New Radiation Instructions for Eye Plaque Patients 2018
Based on published guidelines from United States Nuclear Regulatory Commission (NRC), The New York Eye Cancer Center and its affiliate New York Eye and Ear Infirmary of Mt. Sinai have agreed that patients undergoing low energy (iodine-125 or palladium-103) eye plaque radiation therapy for intraocular melanoma are allowed to proceed with their lives as usual.
Before this change, eye plaque patients were required to almost quarantine themselves. They had to remain at home, maintain a distance of 6-feet from others, and no pregnant women or children were allowed to visit.
With the new changes, patients can use public transportation. We ended most of the radiation exposure precautions and restrictions (i.e. you may go to the park, restaurants, grocery stores…etc.). However, it is recommended that patients stay at home as much as possible and that they do not engage in activities that could dislodge the implant and/or seeds. As before, the patient’s body fluids, clothing, and utensils ARE NOT radioactive and can be handled by others safely. We ask that the patient sleep alone and in a separate room away from anyone under the age of eighteen.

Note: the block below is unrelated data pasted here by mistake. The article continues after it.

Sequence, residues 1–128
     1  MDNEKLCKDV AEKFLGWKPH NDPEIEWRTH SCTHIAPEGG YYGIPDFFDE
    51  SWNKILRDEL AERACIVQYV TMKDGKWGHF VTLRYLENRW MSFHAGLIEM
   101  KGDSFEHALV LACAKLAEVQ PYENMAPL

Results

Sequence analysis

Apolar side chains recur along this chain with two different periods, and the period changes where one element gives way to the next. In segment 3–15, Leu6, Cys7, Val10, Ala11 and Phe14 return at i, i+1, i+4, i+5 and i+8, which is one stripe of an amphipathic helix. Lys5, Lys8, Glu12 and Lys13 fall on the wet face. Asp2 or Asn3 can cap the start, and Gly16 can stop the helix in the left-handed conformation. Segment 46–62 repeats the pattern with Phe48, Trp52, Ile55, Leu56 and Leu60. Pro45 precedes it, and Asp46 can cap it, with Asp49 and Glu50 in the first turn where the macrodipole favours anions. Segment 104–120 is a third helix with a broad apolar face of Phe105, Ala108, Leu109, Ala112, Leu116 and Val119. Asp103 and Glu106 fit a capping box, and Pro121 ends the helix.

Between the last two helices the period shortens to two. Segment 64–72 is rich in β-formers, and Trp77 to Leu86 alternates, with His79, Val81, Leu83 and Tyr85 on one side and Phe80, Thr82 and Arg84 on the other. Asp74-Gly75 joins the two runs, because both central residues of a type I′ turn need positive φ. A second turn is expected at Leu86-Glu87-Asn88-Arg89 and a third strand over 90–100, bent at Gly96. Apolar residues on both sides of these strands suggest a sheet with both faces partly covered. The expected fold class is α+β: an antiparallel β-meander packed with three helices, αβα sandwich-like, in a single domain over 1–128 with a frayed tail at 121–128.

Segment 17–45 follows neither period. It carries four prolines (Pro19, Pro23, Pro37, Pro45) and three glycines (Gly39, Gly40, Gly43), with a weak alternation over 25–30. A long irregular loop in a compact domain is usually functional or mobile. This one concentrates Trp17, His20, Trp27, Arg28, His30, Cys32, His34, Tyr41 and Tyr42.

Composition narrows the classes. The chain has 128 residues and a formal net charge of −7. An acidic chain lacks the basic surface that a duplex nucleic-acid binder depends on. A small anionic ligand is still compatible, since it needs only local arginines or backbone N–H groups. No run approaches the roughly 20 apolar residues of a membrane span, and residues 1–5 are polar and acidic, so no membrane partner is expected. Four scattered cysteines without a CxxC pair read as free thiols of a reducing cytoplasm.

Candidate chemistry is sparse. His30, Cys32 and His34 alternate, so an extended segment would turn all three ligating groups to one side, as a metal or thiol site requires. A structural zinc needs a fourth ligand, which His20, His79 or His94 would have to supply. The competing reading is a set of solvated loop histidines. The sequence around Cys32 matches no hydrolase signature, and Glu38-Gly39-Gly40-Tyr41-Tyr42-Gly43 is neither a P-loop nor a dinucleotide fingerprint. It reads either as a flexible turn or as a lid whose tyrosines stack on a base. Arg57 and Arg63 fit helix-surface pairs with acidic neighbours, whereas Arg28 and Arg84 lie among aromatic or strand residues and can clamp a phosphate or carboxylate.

Dr. Finger says it’s about time: “With the radiation implants I use, eye cancer patients typically receive only a small fraction of the radiation given to patients undergoing implant radiation for other cancers, where patients are sent home on the day of implant.”
Though a few rules remain, they new radiation instructions are not nearly as strict. Free at last, patients can feel the sunlight, do their own shopping, and enjoy the company of their loved ones.